The biggest disillusionment has been the emergence of what is understood as crony capitalism. The regional players have been its biggest practitioners. The S.P. and the BSP have allegedly hedged out lucrative projects to their favourite corporate groups. It is common knowledge that the Sahara group landed the largest number of contracts under the last S.P. government, and so did the Jaypee group during the last BSP regime. In many cases, such as in the case of the DMK and the SAD, the families that run the party have entered big businesses. Illegal use of money and muscle power during elections has become a practice in the States where regional political parties have been dominant. DMK politics has successfully manifested this practice through what political analysts have termed the Thirumangalam model. From industries to cable TV networks, from news channels to educational institutions, from transport companies to lucrative contracts, all have gone to people who enjoy political privileges in these States. These parties have successfully managed to create a potent mixture where big business and sectarian politics not just coexist but also complement each other.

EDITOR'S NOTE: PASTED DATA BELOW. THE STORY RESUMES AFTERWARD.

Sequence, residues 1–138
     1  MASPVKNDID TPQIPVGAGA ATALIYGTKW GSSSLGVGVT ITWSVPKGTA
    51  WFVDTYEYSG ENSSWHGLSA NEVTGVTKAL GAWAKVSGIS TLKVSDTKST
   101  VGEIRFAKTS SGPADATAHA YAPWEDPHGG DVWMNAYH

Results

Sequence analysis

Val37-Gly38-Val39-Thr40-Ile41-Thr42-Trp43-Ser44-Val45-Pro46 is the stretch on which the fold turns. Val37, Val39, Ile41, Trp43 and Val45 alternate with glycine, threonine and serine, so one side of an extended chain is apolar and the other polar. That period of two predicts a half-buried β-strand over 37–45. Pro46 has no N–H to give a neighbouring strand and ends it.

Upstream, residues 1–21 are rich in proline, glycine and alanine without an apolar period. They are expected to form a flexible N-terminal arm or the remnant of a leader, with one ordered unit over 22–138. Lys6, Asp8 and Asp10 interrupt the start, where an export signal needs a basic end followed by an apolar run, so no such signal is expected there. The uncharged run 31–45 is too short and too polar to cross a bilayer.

BSP MPS WALK OUT of the Lok Sabha on December 5 to abstain from voting on the motion.-SUBHAV SHUKLA/PTI

The absence of viable alternatives allows these parties to remain forces to reckon with. The rise to power of the Trinamool Congress is a case in point. It projected itself as a pro-people party, and as a former ally of the UPA government, it showed token resistance to its policies from time to time. The party has faced criticism for its autocratic functioning. Any form of dissent in West Bengal against Mamata Banerjees government in the recent past has been brutally crushed. The party has also been severely criticised for displaying impulsive political action rather than coming out with a political strategy. An example is the way it went about bringing a no-confidence motion against the Union government on the issue of FDI. Without consulting other parties, it unilaterally moved the motion, failing to register a minimum support of 50 members. It thus virtually handed a reprieve to the government as constitutional provisions do not allow another no-confidence motion for six months after one has failed.

SAMAJWADI PARTY CHIEF Mulayam Singh Yadav walks out of the Lok Sabha along with party MPs to abstain from voting.-UBHAV SHUKLA/PTI

Clearly, the tactics of these regional groupings are often self-defeating. Unless these parties develop into a credible and viable political alternatives, with defined goals both in terms of immediate concerns and medium-term goals, they will fail their own core support bases. At a larger level, these regional parties, which were supposed to articulate local interests, are continuously showing themselves as organisations dictated and run by regional elites, alienated from the concerns of the poor.